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The ISMA works with IRS investigators on ID theft tax scam
e-Reports, May 5, 2014
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Letter to legislators expresses concerns about fraud prevention efforts Untitled document

The ISMA sent letters to members of the Indiana General Assembly and the Indiana Congressional Delegation April 17, about the identity theft tax scam affecting physicians. The ISMA characterizes the scam as widespread, noting we have logged nearly 100 calls from physicians and believe there are many more affected.

So far, the scam appears to span all practice settings, all specialties, all demographics, all major hospital systems, and all cities. Physicians from other states also have been scammed.

Our letter indicates the Indiana Department of Revenue and the Office of the Indiana Attorney General Identity Theft Section assured us they are investigating the matter, which we appreciate. However, our letter also expresses strong concerns that we had been unable to obtain similar assurances at the federal level.

More concern about IRS vigilance
An April 15 Wall Street Journal editorial, enclosed with the letter, echoes our concern about IRS vigilance in addressing these types of tax return schemes – particularly in light of the fact that “many physicians have indicated that the fraudulent returns filed in their names contained red flags, which could have been easily spotted.”

That Wall Street Journal editorial, written by a former federal prosecutor in the Justice Department’s Tax Division, characterizes the crime as “simple and profitable.”

The perpetrators steal a name and Social Security number, file a tax return for a fraudulent refund, and direct the IRS to wire-transfer the stolen proceeds onto a prepaid debit card. The Justice Department has a name for it: “stolen identity refund fraud.”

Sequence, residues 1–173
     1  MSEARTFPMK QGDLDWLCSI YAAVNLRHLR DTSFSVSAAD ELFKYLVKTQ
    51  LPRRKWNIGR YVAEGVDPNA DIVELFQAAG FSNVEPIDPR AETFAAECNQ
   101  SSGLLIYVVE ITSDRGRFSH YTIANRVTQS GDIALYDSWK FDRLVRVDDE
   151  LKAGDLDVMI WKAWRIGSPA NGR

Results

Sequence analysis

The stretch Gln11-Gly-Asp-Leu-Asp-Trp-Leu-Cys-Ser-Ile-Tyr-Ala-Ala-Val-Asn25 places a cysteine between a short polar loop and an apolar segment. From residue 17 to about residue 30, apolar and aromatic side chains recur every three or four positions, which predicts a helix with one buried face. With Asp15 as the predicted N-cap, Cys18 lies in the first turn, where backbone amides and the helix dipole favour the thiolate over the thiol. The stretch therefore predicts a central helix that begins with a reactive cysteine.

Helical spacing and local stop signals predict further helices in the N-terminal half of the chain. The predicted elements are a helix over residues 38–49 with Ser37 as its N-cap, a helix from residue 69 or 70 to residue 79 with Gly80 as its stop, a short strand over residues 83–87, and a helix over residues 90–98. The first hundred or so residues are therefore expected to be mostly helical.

The editorial discusses the significant enforcement efforts, including the 880 defendants charged in 2013 in such crimes, and the increased sentences imposed. But, the editorial also shines a light on the costs to our federal government, projected to be $21 billion in fraudulent tax refunds over the next five years.

Several federal legislators have already expressed interest in this issue, including Sen. Dan Coats, Congresswoman Susan Brooks, as well as Congressmen Todd Young, Larry Bucshon and Todd Rokita.

Investigation moves ahead
In another positive development, the ISMA is now working directly with a supervisor for the Criminal Investigation Unit of the IRS. Julie Reed, ISMA general counsel, said, “We are pleased to now have the personal attention of the IRS on this matter. This is a big step forward for the investigation."

Additionally, the ISMA has notified our local U.S. Attorney, Joe Hogsett, whose office prosecutes these cases.

“It is critically important that physicians continue to notify us if they were affected, so we can provide that information to the state and federal authorities. The people investigating your personal tax return at an individual level are not the same people who are investigating the widespread scam at a global, national level. We are in direct contact with the latter, who want our help,” said Reed.

“Our IRS contact also strongly encourages all persons who were victimized to file a local police report. That report will be critically important if you are further defrauded. To date, the ISMA has not heard of any physicians who were impacted in any way other than tax returns.”

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